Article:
Have cleaned the body’s sides of old nasty varnish. Using just a hand plane set as fine as I could set it. and then flattened to sole with a #78 rebate plane. Seems the was a LOT of wear and tear near the front Now, it is all flat and square to the skate. Skate has been ccleaned up a bit. It will remain on the plane, since things might move a bit if it comes off. Fence was also cleaned up, to remove all the old varnish. The rods had a problem, though. Both had spl...
Here is a little video on the Walnut Curtain Rod Holders I made a few weeks back! If interested in building these yourself, there are plans on my website Cool Tool Shed under the “Project & Videos” tab! Curtain Rod Holders - #002
I jumped the back fence several months ago. We have a canyon out there and there is a lot of deadfall and detritus that I like to rummage through for odds and ends that might make interesting additions to my project list. The last adventure uncovered this length of acacia which I thought might make a neat cane. It’s very hard wood, so carving it has taken a lot of hours. Obviously, the thing can’t get chucked up on my lathe, so I took some killer grinding bits to it with my ...
Well it’s been a couple weeks and the bitter cold snap has slowed the progress a bit.. but here’s the progress since we last met. I wrapped up the Toddler Rail joinery… voila! And surface prepped the walnut for finishing with some P220 on an ROS and P320 by hand. I was originally planning on just using my #4 and skipping the sanding (as much as possible) but I chickened out… I brought all the dowels home from Dad’s shop to my cozy (and down right CO...
Thought I’d post here a little about making a ‘segmented’ or glued-up gavel. First few pix show the glue-up and clamping. (And people, (non-wodworkers-wives-co-workers), wonder why us lumberjocks always need more clamps!) Then turning the handle: And then turning the head of the gavel. I leave my handle tenon about 7/8 inch on large gavels. I drill the handle tenon (1/4”) and insert 2” piece of steel rod or carbon fiber to reinforce it at th...
When some friends from church learned I was a wood worker they brought me a box of samples they had left over from building their house. These were squares of finished wood, about 5 to 6 inches a side and around 3/8 inch thick. Some were stained, some painted; some were milled, some flat. There was alder, oak, birch, mahogany, walnut, hickory, cherry. “We were sure you could find something to do with them,” they said. It was an interesting pile. But what o do with it? I mad...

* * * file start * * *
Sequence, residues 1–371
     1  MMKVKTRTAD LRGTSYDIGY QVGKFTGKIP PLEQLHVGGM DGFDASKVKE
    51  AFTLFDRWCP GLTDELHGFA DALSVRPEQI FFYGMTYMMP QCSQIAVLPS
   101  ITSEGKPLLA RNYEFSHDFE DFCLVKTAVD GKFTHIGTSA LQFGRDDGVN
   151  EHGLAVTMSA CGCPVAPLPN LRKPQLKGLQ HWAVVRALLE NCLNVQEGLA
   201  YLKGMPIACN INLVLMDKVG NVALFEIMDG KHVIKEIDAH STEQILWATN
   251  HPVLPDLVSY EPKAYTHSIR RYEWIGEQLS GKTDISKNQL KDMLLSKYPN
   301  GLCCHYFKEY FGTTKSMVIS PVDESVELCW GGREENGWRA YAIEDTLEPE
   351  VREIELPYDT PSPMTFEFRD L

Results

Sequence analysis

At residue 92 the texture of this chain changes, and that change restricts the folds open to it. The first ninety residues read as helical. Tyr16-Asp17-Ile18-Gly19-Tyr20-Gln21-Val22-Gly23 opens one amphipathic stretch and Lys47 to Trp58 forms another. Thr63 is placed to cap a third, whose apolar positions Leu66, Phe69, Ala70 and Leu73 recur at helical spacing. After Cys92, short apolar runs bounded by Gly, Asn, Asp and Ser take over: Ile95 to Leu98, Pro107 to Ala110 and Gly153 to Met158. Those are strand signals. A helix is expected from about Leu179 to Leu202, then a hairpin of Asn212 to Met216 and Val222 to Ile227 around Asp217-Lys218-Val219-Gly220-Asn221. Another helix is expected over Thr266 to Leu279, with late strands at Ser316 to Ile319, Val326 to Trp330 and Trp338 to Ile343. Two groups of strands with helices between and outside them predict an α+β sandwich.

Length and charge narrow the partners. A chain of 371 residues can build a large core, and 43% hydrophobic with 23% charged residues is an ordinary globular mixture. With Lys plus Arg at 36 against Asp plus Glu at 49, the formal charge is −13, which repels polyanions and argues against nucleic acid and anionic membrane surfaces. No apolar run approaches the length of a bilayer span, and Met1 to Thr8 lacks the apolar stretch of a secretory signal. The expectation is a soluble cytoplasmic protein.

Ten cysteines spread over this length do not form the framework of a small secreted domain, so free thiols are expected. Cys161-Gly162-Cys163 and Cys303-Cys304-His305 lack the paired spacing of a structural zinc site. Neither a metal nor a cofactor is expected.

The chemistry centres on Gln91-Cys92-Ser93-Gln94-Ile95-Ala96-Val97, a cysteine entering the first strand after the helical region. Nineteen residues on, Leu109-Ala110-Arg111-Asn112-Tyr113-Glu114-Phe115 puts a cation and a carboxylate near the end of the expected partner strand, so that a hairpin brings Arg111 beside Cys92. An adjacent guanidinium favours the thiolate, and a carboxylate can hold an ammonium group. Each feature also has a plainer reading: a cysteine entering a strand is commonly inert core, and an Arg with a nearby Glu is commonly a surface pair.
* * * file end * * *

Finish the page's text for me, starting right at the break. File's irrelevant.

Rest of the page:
Amongst other things Laid out a few tools to install some hinges The scratch awl will mark the screw location, just a tap or two. Then run a steel screw in a bit. That way, a pilot hole is done. Marked out the hinge locations, using the hinge itself. Then a bit of chisel work on the top edge of the case Then pare away the waste. mark the screw holes with a pencil, use the awl to start a hole.. Used the locations on the case to lay out where they will go on the lid. Firs...
Getting things put together, Finally!! Sides have been “fixed”, front and back panels are done. Needed to drill some counter-bored pilot holes to assemble the sides to the front and back. Small forstner bit for a counter bore in the Drill press. Haul the slab of the front to the press, go to drill the first hole….table tilts! So, dig through the tool boxes, find the right sized wrench, and tilting table tilts no more. Got the front and backs drilled, time for som...
This is the countertop after application of two coats of Waterlox. The color looks good: dark enough and warm. Waterlox (Original) turned out to be very thin and runny, and after two coats the surface is still patchy and with what feels like a thin film. The pores are still showing. This may be good for penetration into wood and sealing it; will take though more than four coats I planned as a finish at the beginning. Have to wait over 24 hours between coats because of the tem...
I woke up this morning to yet another round of snow. This time, it is accompanied by wind and you can barely see across the road to the river. I would almost call it a ‘blizzard’. This winter seems particularly brutal for many people, but at least for us here in Nova Scotia, we have had breaks of warmth and even rain in between the winter storms which continue to melt things down to bare pavement. It does keep the piles of snow manageable. As usual, I don’t mind it ...
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